But there are those among us who do not have the riches that I have. There are those right here among us in Freeport and in this sanctuary—perhaps you know yourself to be one of them—who face truly terrifying prospects of losing their homes, or losing the ability to care for their own health and basic well-being.

I believe that this place, the South Nassau Unitarian Universalist Congregation, is the place for me to foster my joy and gratitude at the enormous riches I have in my life. And I believe that the best way for me to foster this joy and gratitude is for me to live a life where I choose to give freely of the very things that I cling to most.

This past year, my pledge to SNUUC was one hundred dollars a month, or $1,200 a year. Having come off a lean year last year, I felt the need to be conservative in my pledging, but I wanted very much to do what I have been asking all new members to do, which is to commit to one hundred dollars a month. Our new board president, Jean Smyth-Crocetto canvassed me just yesterday, and challenged me to give $3,000 for the coming year. I have decided that for the coming year, I will tithe my salary. The salary portion of my package here at SNUUC is $36,000, and so I am announcing my pledge today to be $3,600.

I can’t tell you how good this feels. Tithing has been a commitment I have wanted to make over the years, and I am finally going for it. For me, this is a spiritual discipline. It is a concrete manifestation for me that I already have all I need; that I do not need to cling tightly to every penny that comes through my fingers, but that I can lend it, spend it, and I’ll have so many that they’ll roll all over the floor. For centuries, our spiritual ancestors have told us that ten percent of each dollar we earn needs to go into savings [another commitment I am making to myself], and ten percent needs to be tithed, and that eighty percent is plenty. I have a number of friends who have made it their lifelong practice to tithe, and I have always admired those people and observed that they are both spiritually and financially healthy.

I don’t believe in a quid pro quo from the universe or from God. I had one minister friend who said that there was a couple at his church who tithed their income because they believed that if they didn’t, God would not bless them. I believe that this is an unfortunate twisting of this spiritual discipline. I do not believe that one ought to give as some kind of business deal. I do not deserve something for giving my pledge. I don’t deserve to prosper because I am giving at what, for me, is a somewhat scary new level. And, I don’t deserve to have my voice count at SNUUC proportional to the amount of money I give. As I give this pledge to SNUUC, I do so knowing that sometimes the congregation will make choices about what to do with the resources that come in that I might not agree with. I don’t give as a means of controlling. I have chosen to give because I believe that I will gain spiritually far more than I will lose financially. I am excited to give at a level that makes me feel truly invested in this institution. I am excited to give at a level that I hope can make a real difference in the fiscal year to come.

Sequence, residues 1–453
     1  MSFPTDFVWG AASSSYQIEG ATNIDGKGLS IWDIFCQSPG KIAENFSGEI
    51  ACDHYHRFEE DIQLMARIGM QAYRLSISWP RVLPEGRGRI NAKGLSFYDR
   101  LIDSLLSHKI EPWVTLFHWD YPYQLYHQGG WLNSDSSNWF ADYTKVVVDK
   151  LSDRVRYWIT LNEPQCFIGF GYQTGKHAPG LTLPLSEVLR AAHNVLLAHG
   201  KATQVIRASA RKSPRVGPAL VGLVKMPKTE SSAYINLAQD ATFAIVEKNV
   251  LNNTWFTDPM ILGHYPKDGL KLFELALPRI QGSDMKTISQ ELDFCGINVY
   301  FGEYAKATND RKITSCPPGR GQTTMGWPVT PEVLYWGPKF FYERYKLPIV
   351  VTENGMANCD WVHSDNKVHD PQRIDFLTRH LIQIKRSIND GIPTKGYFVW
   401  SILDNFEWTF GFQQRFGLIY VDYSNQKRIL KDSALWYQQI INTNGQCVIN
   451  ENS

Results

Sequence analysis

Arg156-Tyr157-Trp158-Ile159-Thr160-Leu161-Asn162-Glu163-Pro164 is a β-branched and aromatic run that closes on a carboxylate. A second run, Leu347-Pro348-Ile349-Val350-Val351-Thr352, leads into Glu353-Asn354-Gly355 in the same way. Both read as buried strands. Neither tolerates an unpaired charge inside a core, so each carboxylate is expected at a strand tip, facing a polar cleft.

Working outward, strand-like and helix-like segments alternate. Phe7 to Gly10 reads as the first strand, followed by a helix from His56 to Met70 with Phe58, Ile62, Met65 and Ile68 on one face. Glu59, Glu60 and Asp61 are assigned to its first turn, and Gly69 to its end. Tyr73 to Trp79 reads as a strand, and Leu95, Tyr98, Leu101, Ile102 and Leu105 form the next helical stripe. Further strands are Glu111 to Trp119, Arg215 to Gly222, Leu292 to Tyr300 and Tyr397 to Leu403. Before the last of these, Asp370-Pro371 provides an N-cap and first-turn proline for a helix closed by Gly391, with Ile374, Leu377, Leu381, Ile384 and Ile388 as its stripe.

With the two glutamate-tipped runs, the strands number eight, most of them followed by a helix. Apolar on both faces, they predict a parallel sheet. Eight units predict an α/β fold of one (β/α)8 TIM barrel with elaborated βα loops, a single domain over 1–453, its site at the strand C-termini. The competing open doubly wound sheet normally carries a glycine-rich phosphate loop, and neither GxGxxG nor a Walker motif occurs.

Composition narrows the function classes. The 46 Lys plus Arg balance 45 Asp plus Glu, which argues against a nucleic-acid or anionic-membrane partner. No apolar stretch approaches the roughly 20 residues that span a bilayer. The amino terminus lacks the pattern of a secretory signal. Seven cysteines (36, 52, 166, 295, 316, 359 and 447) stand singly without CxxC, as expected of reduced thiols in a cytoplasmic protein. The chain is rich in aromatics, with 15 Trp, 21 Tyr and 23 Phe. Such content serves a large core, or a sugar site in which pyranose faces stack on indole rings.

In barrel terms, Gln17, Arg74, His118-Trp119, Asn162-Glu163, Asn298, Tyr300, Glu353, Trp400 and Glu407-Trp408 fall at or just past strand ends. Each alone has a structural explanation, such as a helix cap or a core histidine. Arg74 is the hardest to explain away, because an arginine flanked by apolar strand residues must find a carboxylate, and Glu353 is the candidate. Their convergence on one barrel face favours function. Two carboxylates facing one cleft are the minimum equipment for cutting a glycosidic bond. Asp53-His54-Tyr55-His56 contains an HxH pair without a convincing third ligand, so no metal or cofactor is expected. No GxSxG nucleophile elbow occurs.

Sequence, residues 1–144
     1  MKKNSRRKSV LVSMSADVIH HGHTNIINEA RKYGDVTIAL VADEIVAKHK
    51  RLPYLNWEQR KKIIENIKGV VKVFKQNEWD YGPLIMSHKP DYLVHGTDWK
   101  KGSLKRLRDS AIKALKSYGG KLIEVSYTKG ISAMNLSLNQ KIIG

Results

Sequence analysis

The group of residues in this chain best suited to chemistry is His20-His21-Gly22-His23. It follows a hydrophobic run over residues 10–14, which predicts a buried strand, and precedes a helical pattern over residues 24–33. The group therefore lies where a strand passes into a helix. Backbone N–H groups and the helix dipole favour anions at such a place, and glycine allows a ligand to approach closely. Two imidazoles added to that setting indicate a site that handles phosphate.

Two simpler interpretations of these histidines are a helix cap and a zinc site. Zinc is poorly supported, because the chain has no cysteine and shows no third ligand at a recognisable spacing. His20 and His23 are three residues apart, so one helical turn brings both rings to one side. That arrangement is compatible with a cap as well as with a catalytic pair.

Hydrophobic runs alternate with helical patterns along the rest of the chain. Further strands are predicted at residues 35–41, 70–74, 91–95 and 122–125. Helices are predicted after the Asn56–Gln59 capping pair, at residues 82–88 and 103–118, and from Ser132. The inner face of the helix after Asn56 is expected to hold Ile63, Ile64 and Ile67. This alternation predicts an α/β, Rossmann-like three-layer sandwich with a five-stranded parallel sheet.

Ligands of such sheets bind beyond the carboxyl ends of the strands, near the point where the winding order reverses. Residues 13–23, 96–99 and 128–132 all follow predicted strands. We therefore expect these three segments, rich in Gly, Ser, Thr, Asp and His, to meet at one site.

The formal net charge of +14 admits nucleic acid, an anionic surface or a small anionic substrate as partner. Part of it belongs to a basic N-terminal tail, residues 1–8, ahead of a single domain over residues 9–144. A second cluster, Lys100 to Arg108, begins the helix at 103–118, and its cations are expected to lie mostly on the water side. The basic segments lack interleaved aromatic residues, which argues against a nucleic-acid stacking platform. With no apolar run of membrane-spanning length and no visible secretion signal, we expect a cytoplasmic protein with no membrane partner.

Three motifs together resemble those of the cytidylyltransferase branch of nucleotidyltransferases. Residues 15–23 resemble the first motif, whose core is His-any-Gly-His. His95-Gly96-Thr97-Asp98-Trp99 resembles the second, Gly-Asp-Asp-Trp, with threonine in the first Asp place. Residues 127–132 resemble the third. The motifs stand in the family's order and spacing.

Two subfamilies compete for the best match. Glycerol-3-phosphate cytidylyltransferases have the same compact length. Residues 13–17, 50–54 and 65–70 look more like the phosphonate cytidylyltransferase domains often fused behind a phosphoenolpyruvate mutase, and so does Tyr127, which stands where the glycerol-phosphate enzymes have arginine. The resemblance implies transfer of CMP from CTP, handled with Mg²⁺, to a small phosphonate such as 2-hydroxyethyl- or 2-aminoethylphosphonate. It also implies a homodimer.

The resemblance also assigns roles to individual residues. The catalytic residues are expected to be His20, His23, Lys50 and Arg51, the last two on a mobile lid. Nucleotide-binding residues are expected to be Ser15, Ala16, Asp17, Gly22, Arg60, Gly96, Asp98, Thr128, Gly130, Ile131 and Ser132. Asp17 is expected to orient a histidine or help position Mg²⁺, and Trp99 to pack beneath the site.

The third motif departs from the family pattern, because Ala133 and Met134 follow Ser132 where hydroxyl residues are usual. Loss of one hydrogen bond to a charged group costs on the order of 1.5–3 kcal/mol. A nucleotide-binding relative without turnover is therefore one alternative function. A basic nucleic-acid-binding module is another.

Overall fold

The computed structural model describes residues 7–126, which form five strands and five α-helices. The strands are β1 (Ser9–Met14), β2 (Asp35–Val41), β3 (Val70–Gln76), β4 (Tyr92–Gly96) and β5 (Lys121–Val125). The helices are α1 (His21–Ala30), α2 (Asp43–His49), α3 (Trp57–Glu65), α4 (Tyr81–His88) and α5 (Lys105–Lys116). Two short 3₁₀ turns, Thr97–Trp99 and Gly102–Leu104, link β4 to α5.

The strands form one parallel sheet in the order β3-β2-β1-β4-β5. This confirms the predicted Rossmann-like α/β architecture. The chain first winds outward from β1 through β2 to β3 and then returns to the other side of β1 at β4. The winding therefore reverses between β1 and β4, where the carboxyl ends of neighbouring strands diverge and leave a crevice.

I believe in SNUUC. I have chosen to serve here as the minister because I believe that this congregation is something worth putting my life into. There is no end to what SNUUC can do and be in Freeport and in the world. We can put money into developing leaders. We can put money into making a few simple aesthetic changes that will make our physical space more beautiful. But beyond these basic changes, we can become the center of all things good in Freeport. We can reach out to all the beautiful spectrum of cultures and ethnicities in this town and come together in caring and in freedom, sharing our wisdom with one another and seeking a deeper, more right way in the world. We can become the center of civic debate in Freeport, sponsoring talks about health care concerns, or voting rights or prison reform. Imagine if we ended up expanding so that we had clasrooms that community groups could use, so that there was a constant hustle and bustle, not just of our members, but of neighbors who find this a place where are always warmly received. What if this congregation paid for and built a Habitat for Humanity house all on our own? What if there were a fund here so that if you had a passion about a ministry that you wanted to start—whether a small spirituality group, or a huge mission trip to Haiti—what if there was a fund available to allow you to immediately implement your grand idea?

I am excited about tithing my salary because I want a way of life that is worth living. I want to give sacrificially to this, my house of worship. I want to revel in the riches that God has given to me. In faith, I choose to share my bounty with those around me. I look forward to watching my magic pennies roll all over the floor.